Dave Kranzler
Dave Kranzler

04/08/2022

Gold ETFs vs Digital Gold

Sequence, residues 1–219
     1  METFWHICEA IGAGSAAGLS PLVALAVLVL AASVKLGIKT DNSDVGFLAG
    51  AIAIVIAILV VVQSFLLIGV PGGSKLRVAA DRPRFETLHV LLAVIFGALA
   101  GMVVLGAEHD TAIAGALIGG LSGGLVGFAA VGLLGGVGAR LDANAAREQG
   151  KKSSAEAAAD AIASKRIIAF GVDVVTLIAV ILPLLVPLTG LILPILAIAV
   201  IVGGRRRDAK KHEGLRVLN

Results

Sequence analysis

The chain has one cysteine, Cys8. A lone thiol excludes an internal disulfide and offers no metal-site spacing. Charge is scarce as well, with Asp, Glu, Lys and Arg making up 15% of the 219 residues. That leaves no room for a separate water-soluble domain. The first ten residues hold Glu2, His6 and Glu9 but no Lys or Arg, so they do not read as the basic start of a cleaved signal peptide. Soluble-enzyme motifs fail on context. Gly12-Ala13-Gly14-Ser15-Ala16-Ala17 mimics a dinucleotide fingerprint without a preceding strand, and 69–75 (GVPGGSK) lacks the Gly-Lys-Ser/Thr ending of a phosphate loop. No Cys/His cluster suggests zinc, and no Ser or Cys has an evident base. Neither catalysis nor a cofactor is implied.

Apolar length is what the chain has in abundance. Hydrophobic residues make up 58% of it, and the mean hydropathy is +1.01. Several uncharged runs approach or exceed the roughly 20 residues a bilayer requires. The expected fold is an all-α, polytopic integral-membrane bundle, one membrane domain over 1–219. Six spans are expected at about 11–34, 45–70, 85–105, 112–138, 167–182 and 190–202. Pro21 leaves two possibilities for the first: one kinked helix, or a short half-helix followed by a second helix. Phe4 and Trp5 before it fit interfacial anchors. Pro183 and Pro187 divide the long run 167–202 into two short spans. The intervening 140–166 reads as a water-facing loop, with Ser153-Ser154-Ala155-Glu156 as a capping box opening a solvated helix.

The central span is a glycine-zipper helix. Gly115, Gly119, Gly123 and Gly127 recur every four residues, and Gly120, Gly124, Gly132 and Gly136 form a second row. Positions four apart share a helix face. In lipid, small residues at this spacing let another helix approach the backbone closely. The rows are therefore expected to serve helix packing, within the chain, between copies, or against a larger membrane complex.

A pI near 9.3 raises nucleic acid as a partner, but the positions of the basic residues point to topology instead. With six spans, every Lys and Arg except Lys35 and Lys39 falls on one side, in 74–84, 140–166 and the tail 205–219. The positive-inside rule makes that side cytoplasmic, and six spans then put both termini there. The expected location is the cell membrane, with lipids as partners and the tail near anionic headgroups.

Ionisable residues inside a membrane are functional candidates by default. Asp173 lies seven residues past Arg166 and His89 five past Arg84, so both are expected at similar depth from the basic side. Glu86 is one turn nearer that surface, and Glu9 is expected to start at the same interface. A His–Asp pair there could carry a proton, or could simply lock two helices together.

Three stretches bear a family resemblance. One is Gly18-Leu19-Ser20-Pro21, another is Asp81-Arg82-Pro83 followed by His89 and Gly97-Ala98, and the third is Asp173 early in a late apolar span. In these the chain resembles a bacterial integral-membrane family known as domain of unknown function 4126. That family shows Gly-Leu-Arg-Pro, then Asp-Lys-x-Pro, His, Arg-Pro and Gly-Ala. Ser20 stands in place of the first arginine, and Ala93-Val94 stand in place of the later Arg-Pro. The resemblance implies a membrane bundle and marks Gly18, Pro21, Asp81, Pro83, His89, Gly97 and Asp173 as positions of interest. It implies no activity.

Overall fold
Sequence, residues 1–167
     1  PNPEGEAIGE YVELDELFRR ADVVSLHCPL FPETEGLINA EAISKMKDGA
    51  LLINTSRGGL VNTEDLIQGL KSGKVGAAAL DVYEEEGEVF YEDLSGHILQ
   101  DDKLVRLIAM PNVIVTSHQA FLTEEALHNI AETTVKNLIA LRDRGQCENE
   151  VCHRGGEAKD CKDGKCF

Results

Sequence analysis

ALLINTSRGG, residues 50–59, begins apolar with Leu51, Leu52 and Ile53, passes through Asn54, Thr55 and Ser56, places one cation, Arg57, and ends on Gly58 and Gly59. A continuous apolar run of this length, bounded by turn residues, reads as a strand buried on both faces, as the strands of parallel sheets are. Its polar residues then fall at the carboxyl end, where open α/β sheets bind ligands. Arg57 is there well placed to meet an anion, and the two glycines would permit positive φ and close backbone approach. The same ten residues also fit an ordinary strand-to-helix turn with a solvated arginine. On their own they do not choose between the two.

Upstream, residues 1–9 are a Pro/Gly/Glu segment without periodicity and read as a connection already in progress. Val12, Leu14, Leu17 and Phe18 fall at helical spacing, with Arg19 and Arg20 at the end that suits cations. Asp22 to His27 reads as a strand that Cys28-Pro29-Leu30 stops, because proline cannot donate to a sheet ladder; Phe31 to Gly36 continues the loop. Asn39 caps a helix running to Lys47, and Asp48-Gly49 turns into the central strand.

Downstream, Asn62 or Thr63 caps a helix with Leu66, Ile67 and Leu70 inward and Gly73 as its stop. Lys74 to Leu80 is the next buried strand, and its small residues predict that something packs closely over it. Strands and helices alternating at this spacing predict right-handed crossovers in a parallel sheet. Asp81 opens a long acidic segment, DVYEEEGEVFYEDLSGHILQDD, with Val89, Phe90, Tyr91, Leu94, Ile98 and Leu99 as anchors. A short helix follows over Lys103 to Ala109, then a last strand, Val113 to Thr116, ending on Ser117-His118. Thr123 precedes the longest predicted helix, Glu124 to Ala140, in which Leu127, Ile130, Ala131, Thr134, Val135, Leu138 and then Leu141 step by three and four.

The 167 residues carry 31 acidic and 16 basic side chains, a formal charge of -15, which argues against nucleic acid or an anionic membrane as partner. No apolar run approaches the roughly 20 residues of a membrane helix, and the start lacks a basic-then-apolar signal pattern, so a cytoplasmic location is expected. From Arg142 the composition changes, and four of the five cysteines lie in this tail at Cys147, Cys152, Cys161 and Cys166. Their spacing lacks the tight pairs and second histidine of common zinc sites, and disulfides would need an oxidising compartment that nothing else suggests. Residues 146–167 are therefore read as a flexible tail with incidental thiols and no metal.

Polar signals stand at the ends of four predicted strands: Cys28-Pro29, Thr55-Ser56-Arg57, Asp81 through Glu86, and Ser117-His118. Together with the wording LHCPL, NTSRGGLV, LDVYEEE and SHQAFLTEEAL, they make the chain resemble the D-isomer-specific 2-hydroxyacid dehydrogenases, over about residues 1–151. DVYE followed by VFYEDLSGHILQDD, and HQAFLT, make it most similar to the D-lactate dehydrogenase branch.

When hearing about the potential returns from Gold ETFs, it can be an easy bandwagon to jump on. The promises of market exposure and returns without the necessity for ownership can seem appealing - at a first glance. However, an aspect less explored in the discussion of Gold ETFs is the potential risks they entail. These can often be downplayed by providers as part and parcel of the inherent structure and operation of Gold ETFs. Keep reading to find out more about the differences between these two types of gold investment, and why investing in gold shares is not the same as digitalised gold. What is digital gold (gold-backed crypto)? Digital gold - often termed gold-backed crypto - is transforming the nature of gold investment, and reinventing the asset by increasing its liquidity and making it more readily available via the blockchain. Gold-backed crypto is a digital representation of the underlying asset, physical gold bullion. With the most providers, gold-backed coins or tokens are allocated on a 1:1 basis, with their equivalent amount in physical gold bullion. For instance, one KAU is backed by one gram of physically allocated gold. Alongside the advent of blockchain, digital gold has risen in popularity in recent years, reducing the barriers to entry for individuals seeking access to gold investment. And, although a relatively new innovation, digital gold is making waves by securing individuals with an alternative form of payment to fiat currencies. With many analysts arguing that the market is displaying behaviour typical of a recessionary economy, the constantly evolving technology of blockchain is enabling individuals to take ownership of an asset, recognised for its safe-haven properties. Why choose digital gold? Purchasing digital gold currencies can be an advantageous method of acquiring the asset - especially in comparison to unbacked digital currencies. Store of Value The value of gold-backed crypto is derived from the fact that every single coin or token is pegged to a physical, tangible asset. For this reason, many recognise that asset-backed ‘stablecoins’ have the ability to circumvent one of crypto’s major pitfalls - a lack of intrinsic value, which leaves them vulnerable to severe price fluctuations. Safe Haven While physical backing is important, digital gold owes credence to backing from an asset that has been considered a ‘safe haven’ investment for millennia. Investors in the metal benefit from the fact that gold has maintained its purchasing power throughout time, due to the fact that it cannot be printed - rather, only minted. In the current economic climate, many are returning to gold in response to high levels of inflation on both sides of the Atlantic - those not seen for 40 years - as well as a particularly volatile market already in play. Utility as Money Another aspect of gold-backed crypto to consider is the sheer fact that it is transforming the metals industry, reshaping its utility beyond an investment vehicle, into a global, borderless currency. With the addition of a card, users are able to spend their bullion at the exact point of sale, in seconds. The aid of the blockchain offers the potential for individuals to integrate gold as a standard part of their daily payments - just like any other currency. Not to mention, although gold-backed crypto is a digital currency, users are entitled to redeem the underlying gold backing their coins anytime they wish to, with providers like Kinesis offering redemption from as low as 100g for gold. Auditing As a finer point, it is a given that digital gold is readily associated with the transparency and immutability of the blockchain, to account for all coins or tokens in circulation. But while the blockchain itself does provide a safeguard in that matter, auditing for the physical metals is also essential to consider. It’s important to ensure that any gold-backed cryptocurrency provider completes frequent, independent audits by industry specialists, to verify their holdings against coins or tokens. What are gold ETFs? Gold Exchange-traded Funds are known under the broader umbrella term of Commodity ETFs, which are used for investment into raw goods, such as precious metals or crude oil. Investors typically select ETFs as a way to diversify their portfolios, with these funds offering exposure to a pool of bonds, stocks, or other assets, without the need to acquire each of them separately. When an investor buys stocks, they invest entirely in one company, whereas ETF investment gives the option for investors or traders to buy a single or multiple shares within an ETF. For a more detailed breakdown of ETFs, see our blog post here. Some of the most popular gold ETFs hold physical gold to back their shares, with the share price tracking the price of gold. Due to the ease at which they can be traded, ETFs are often the cause of volatility in the gold market, with those holding gold ETFs often the first to be impacted by market movements - for better, or worse. ETF investments are handled passively since returns are gathered from the tracked valuation of pooled assets rather than usage within a system. In light of this, investors have little control over their potential returns, than if they were garnered through spending or trading the asset itself, for example. Gold ETFs - the pitfalls For new starters in the field of gold ETFs, this avenue can at first appear as a cost-effective way to access gold and a substitute for owning the physical asset. However, there are also some significant risks to consider associated with this avenue. Real Exposure? While many argue that gold ETFs offer exposure to physical gold, investment in one does not guarantee legal title ownership of the asset itself. This means that if or when the investor opts to redeem their shares, the ETF provider is not contractually obliged to supply them with a single gram of gold, and is well within their right to provide a ‘cash equivalent’. This begs the question of whether ETFs can truly provide exposure to the physical gold market if the investor cannot take ownership of the underlying asset. One of the leading providers in the Gold ETF market specifies that investors must own a minimum of 100,000 shares before they can submit a request to redeem gold, and even then, the provider can settle in cash. Counterparty Risk Another aspect to point out is the importance of physical allocation when considering buying gold. Since Gold ETFs are traded on the commodities market, they are subject to counterparty risk. It is often the case that the value of ETF shares issued is greater than the value of the gold owned by the fund, which becomes a problem in the event of insolvency of the custodian or sub-custodian. This is the risk that holders of ETF shares must be willing to take and is an increasing possibility in times of unforeseen market circumstances or poor market decisions. Even concerning leading funds in the precious metals space, the issue of unallocated gold can leave investors vulnerable to an ETF provider's unfulfilled obligations and their consequences. Digital gold vs gold ETFs The challenge of weighing up the optimal asset for both long-term investors and active traders often leads those contemplating gold to navigate towards the outwardly simple and easy access world of ETFs. However, it is only later down the line that these same investors can be met with a whole host of maintenance fees, counterparty risk and lack of control over ETF investment. It is worth considering that digital gold combines all the properties of physical gold - ownership, asset control, proven value, and portfolio diversification - attracting investors to this option in the first place. Digital gold gives individuals the opportunity to access this, all while combining the benefits normally associated with ETFs, such as flexible trading, and in some cases, zero storage fees on insured gold bullion.  In the form of digital gold, access to gold investment is much simpler and more efficient for anyone seeking to benefit from the metal, with Kinesis now providing that opportunity through a bespoke platform and easy-to-use interface.  At a time when inflation is skyrocketing, and the value of certain fiat currencies is cascading down a steepening slope into decline, digitalised gold (KAU) brings investors in contact with fully allocated, legal title ownership of physical bullion.  Rather than an investment solely based on paper market trading, gold on the blockchain leverages the gold investment proposition by combining the liquidity, and low-cost trading normally associated with ETFs, with ownership of the physical asset. Traders and spenders of Kinesis Gold can also participate in a usage-based yields system, where a portion of transaction fees are shared with users across the entire network, every month. Find out how Kinesis is transforming gold investment Learn More This publication is for informational purposes only and is not intended to be a solicitation, offering or recommendation of any security, commodity, derivative, investment management service or advisory service and is not commodity trading advice. This publication does not intend to provide investment, tax or legal advice on either a general or specific basis.